Her attentive, detailed portraits. New Press. Oxford university Press USA. The paperback edition will feature a new introduction by the author reflecting on the election of Donald Trump and the other events that have unfolded both in Louisiana and around the country since the hardcover edition was published, and will also include a readers’ group guide in the back of the book.

Reveal a gulf between hochchild’s ‘strangers in their own land’ and a new elite. Already a favorite common read book in communities and on campuses across the country and called “humble and important” by David Brooks, Hochschild’s book has been lauded by Noam Chomsky, New Orleans Mayor Mitch Landrieu, and countless others.

. 2016 national book award finalist for nonfiction a 2016 new york times notable book new york times bestseller a newsday top 10 book of the year a kirkus best book of 2016 one of "6 books to understand trump's win" according to the new york times the day after the election the national Book Award Finalist and New York Times bestseller that became a guide and balm for a country struggling to understand the election of Donald Trump When Donald Trump won the 2016 presidential election, a bewildered nation turned to Strangers in Their Own Land to understand what Trump voters were thinking when they cast their ballots.

Used book in Good Condition.

Home Below Hell's Canyon

. Cut off from the world for months at a time, the Jordans became virtually self-sufficient. Oxford university Press USA. Short of cash but long on courage, made their own soap, they raised and preserved their food, and educated their children. Sterling north, new york world-telegram "Home Below Hell's Canyon is valuable because it writes a little-known way of life into the national chronicle.

We are put in touch with the kind of people who set the country on its feet and in the generations since have kept it there. Oxford university Press USA. Used book in Good Condition. Used book in Good Condition. Primarily it is a book of courage and effort tempered by the warmth of those who trust in goodness and practice it.

Christian science Monitor "The thrilling story of a modern pioneer family. During the depression days of the early 1930s the jordan family-len jordan later governor of Idaho and a United States senator, and their three small children-moved to an Idaho sheep ranch in the Snake River gorge just below Hell's Canyon, his wife Grace, the deepest scratch on the face of North America.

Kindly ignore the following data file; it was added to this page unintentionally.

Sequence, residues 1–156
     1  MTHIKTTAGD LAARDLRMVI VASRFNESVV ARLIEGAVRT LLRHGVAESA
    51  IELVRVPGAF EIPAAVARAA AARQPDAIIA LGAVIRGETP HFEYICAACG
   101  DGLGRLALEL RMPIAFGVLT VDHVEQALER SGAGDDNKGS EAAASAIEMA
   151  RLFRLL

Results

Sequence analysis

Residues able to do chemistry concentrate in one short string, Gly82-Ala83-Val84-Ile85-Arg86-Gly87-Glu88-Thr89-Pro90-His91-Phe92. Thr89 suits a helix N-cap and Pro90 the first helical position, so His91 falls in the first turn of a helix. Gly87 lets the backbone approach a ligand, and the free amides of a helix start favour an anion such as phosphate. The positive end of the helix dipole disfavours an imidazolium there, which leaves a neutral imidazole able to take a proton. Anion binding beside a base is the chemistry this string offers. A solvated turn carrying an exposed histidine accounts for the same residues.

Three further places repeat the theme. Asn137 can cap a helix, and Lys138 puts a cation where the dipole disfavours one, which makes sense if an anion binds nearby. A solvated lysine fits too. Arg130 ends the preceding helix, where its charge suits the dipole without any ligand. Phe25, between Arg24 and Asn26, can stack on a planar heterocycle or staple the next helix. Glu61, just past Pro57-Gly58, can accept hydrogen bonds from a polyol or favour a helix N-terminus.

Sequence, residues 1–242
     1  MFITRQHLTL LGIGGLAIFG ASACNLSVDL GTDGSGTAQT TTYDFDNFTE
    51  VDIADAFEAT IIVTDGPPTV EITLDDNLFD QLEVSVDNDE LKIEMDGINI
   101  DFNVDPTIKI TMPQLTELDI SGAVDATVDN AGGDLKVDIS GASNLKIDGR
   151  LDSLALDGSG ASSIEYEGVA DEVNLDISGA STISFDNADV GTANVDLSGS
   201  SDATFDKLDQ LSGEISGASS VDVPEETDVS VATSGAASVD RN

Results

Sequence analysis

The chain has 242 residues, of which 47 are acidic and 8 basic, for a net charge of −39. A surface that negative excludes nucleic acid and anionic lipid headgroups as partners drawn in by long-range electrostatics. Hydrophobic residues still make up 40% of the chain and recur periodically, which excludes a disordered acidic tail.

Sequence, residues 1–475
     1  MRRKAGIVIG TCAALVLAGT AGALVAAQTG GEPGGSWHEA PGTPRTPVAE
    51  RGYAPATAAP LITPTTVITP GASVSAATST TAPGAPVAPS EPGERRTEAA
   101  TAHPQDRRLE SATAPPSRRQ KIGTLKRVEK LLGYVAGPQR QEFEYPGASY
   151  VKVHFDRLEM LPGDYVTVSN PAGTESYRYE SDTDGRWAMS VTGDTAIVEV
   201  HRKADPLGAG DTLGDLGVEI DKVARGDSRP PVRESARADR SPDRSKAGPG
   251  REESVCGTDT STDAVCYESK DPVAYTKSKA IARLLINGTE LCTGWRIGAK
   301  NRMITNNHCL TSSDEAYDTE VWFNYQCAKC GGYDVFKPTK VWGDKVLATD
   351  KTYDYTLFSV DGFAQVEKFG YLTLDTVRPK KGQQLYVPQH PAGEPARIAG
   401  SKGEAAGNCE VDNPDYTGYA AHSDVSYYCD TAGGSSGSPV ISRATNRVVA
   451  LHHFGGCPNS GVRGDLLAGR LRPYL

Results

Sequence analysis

. An intensely human account filled with fun, courage and rich family life. Seattle post Intelligencer New Press.

In Mountain Shadows: A History of Idaho

He describes the indians then living in the great basin and Plateau, and overland emigrants defined the land that became a territory in 1863 and, finally, missionaries, and proceeds through layers of history to show how fur traders, a state in 1890. Carlos A. Used book in Good Condition. Used book in Good Condition.

Schwantes illustrates the extent to which Idahoans have always been divided by geography, religion, transportation patterns, and history. Schwantes reaches back to 1805, when Lewis and Clark were among the first white men to enter present-day Idaho. Used book in Good Condition. Schwantes brings his history through the great Depression, colorful personalities, raging controversies, and the Cold War, noting everyday life, political and economic cycles, World War II, and current trends.

Idaho is now seen as one of the most intriguing and attractive states in the Union. Although the state motto should have been "divided we Stand, " as he says in affectionate jest, it is also true that Idahoans come together on some basics—on avoiding crowds and maintaining the good life close to scenic mountains and streams.

Nevertheless, future Idaho would be a product of engineering and witness the coming of irrigation systems and hydroelectric plants. Used book in Good Condition. Oxford university Press USA.